In Six Sigma we’re taught reducing variance is a good thing but is this really always the case?

Take currency for example. In the US all paper currency is the same size and the same color. By reducing variance I’m sure the US Mint has saved costs by having a standardized ink color, standardized cutting machines, etc. However, how does this benefit me as a user? When looking at a $5 and $10 bill twenty feet away, most people can not tell the difference. How many times have you had to thumb through your wallet to find the correct bill or worried you gave someone an incorrect note (or been accused of giving back incorrect change if you’ve been on the receiving end)?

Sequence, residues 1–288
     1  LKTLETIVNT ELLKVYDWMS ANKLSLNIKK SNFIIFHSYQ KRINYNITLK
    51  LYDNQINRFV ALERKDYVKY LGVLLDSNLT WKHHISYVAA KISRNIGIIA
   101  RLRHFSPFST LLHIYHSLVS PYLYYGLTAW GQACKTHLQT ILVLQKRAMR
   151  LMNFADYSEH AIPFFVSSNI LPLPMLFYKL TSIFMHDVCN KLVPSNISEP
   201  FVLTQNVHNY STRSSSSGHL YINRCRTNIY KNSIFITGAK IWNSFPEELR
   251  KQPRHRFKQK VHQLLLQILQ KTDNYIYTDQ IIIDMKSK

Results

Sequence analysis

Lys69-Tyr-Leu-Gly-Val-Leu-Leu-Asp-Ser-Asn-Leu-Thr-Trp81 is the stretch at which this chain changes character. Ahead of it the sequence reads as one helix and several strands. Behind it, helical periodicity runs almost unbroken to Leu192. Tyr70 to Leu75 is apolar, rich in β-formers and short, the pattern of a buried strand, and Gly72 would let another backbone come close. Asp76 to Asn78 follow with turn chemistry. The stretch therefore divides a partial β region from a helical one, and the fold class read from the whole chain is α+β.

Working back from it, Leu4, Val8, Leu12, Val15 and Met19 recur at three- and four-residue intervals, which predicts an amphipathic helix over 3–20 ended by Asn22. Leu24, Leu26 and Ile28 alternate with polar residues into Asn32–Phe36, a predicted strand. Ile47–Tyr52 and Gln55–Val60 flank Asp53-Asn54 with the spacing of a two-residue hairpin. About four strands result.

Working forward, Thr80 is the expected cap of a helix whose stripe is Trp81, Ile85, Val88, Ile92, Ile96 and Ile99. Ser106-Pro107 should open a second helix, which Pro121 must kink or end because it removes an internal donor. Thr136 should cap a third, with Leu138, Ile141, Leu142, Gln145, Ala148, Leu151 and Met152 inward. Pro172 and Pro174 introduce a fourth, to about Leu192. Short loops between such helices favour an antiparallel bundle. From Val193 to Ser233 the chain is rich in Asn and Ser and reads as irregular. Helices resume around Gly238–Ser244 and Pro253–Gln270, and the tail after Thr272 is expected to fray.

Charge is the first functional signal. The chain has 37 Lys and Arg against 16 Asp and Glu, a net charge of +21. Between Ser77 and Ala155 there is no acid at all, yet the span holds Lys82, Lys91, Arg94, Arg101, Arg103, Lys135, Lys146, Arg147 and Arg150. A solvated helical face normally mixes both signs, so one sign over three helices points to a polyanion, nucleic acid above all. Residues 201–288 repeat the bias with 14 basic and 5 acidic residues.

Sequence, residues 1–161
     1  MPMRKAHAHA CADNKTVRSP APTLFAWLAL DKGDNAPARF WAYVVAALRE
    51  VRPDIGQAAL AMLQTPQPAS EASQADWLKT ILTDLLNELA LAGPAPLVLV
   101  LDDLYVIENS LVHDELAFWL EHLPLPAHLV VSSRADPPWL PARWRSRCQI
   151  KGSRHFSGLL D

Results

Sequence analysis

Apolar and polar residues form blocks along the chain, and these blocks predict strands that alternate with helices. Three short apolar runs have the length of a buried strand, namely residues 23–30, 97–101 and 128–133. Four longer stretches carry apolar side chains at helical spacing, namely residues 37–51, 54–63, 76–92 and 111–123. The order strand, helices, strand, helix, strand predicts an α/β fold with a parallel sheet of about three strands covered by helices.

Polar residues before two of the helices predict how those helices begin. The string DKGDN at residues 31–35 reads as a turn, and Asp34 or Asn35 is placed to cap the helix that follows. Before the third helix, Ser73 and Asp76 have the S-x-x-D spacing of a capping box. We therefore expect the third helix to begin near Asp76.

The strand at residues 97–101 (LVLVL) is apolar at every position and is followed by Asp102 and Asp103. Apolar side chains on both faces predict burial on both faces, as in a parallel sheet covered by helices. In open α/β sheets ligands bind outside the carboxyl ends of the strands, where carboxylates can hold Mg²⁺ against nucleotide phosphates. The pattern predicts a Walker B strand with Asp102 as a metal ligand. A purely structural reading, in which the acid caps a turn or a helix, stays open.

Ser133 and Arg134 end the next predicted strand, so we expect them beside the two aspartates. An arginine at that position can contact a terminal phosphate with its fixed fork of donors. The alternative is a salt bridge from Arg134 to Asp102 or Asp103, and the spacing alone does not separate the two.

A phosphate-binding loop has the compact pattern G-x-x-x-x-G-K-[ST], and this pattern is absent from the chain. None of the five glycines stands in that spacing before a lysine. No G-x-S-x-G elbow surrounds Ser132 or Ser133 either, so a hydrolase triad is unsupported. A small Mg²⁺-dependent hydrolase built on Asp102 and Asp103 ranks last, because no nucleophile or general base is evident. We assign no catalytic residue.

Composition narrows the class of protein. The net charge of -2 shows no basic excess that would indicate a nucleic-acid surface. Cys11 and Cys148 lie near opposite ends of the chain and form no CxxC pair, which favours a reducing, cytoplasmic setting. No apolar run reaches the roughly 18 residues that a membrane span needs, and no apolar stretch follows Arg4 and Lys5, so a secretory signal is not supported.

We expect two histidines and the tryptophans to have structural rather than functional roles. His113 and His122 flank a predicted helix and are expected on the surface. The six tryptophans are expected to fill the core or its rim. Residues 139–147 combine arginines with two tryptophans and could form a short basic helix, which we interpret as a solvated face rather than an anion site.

Now compare the US currency with Australian currency. Each denomination of paper money is a slightly different size and color (note: while there are extra upfront costs to the process, they are greatly offset by reduced printing demand as the result of an applied plastic coating.).Essentially the country has error proofed (i.e. Lean manufacturing) its currency to the end user.

The point I’m trying to make is that sometimes in Six Sigma we focus so hard on reducing variance to cut costs that we overlook characteristics deemed critical to quality by the end user. Even though costs have been reduced, underlying problems still exist, leaving the customer to view the product service of sub par quality.By introducing variance as a possible solution, one may be able greatly improve customer satisfaction.

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